We also added the ability to view new citations from your projects or the book or article where you created them.

Notes (0)
Bookmarks (0)

You have no saved items from this article

Project items include:
  • Saved book/article
  • Highlights
  • Quotes/citations
  • Notes
  • Bookmarks
Notes
Cite this article

Cited article

Style
Citations are available only to our active members.
Buy instant access to cite pages or passages in MLA, APA and Chicago citation styles.

(Einhorn, 1992, p. 25)

(Einhorn 25)

1. Lois J. Einhorn, Abraham Lincoln, the Orator: Penetrating the Lincoln Legend (Westport, CT: Greenwood Press, 1992), 25, http://www.questia.com/read/27419298.

Cited article

Psychological Determinants of Idolatry in Adolescents
Settings

Settings

Typeface
Text size Smaller Larger Reset View mode
Search within

Search within this article

Look up

Look up a word

  • Dictionary
  • Thesaurus
Please submit a word or phrase above.
Print this page

Print this page

Why can't I print more than one page at a time?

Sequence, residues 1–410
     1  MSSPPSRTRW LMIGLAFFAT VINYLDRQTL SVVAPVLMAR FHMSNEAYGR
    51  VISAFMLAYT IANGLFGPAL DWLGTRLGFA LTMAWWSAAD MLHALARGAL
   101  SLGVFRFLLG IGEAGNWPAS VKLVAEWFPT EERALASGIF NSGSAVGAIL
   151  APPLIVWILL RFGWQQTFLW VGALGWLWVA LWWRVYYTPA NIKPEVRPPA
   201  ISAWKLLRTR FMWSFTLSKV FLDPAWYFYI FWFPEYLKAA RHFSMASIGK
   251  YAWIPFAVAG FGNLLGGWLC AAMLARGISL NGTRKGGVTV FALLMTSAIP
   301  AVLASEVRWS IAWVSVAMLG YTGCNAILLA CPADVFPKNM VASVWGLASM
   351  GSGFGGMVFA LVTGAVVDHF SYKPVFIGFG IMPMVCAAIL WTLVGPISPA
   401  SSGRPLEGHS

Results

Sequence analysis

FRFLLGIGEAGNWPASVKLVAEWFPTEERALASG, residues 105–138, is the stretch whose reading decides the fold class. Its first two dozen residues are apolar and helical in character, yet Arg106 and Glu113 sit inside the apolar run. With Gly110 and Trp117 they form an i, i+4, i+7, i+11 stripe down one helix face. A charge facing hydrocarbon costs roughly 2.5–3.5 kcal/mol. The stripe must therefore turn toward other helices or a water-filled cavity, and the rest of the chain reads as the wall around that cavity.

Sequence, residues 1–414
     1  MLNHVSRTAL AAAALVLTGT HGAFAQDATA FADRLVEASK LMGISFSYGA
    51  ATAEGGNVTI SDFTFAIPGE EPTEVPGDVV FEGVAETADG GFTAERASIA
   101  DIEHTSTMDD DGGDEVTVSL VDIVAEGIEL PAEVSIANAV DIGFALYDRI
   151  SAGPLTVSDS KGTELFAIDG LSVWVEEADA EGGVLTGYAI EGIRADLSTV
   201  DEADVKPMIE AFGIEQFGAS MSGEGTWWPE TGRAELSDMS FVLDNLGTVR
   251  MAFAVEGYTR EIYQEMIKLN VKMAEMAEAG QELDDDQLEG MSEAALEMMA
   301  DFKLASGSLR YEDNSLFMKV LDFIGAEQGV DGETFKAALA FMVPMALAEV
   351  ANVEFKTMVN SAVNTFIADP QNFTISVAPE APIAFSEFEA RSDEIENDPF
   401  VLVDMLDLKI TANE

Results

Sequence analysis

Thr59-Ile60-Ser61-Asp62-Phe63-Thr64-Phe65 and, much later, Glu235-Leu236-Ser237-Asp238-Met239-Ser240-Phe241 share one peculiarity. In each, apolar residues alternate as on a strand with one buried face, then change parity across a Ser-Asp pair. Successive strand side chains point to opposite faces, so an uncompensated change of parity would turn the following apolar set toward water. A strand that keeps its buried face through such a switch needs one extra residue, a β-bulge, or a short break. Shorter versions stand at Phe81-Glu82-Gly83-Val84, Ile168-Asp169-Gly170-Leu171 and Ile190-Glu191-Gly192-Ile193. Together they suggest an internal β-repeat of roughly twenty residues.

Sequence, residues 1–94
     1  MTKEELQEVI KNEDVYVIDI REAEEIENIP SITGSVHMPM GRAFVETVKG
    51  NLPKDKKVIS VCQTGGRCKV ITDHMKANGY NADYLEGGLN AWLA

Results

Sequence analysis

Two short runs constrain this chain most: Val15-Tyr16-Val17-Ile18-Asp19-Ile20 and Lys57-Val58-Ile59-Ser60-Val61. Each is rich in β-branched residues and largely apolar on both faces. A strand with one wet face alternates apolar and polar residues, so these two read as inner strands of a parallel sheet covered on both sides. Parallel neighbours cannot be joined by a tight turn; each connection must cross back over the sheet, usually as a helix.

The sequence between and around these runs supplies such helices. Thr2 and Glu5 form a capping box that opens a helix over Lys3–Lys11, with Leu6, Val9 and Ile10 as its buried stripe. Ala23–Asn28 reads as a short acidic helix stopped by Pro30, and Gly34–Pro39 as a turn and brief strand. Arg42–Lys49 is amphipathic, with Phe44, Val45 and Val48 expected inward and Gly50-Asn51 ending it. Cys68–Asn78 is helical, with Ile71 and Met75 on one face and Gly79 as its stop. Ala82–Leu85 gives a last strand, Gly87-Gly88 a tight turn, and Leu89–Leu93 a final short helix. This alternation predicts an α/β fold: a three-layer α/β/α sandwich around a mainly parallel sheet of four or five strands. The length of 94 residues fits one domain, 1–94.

Help
Full screen

matching results for page

    Questia reader help

    How to highlight and cite specific passages

    1. Click or tap the first word you want to select.
    2. Click or tap the last word you want to select, and you’ll see everything in between get selected.
    3. You’ll then get a menu of options like creating a highlight or a citation from that passage of text.

    OK, got it!

    Cited passage

    Style
    Citations are available only to our active members.
    Buy instant access to cite pages or passages in MLA, APA and Chicago citation styles.

    "Portraying himself as an honest, ordinary person helped Lincoln identify with his audiences." (Einhorn, 1992, p. 25).

    "Portraying himself as an honest, ordinary person helped Lincoln identify with his audiences." (Einhorn 25)

    "Portraying himself as an honest, ordinary person helped Lincoln identify with his audiences."1

    1. Lois J. Einhorn, Abraham Lincoln, the Orator: Penetrating the Lincoln Legend (Westport, CT: Greenwood Press, 1992), 25, http://www.questia.com/read/27419298.

    Cited passage

    Thanks for trying Questia!

    Please continue trying out our research tools, but please note, full functionality is available only to our active members.

    Your work will be lost once you leave this Web page.

    Buy instant access to save your work.

    Already a member? Log in now.

    Oops!

    An unknown error has occurred. Please click the button below to reload the page. If the problem persists, please try again in a little while.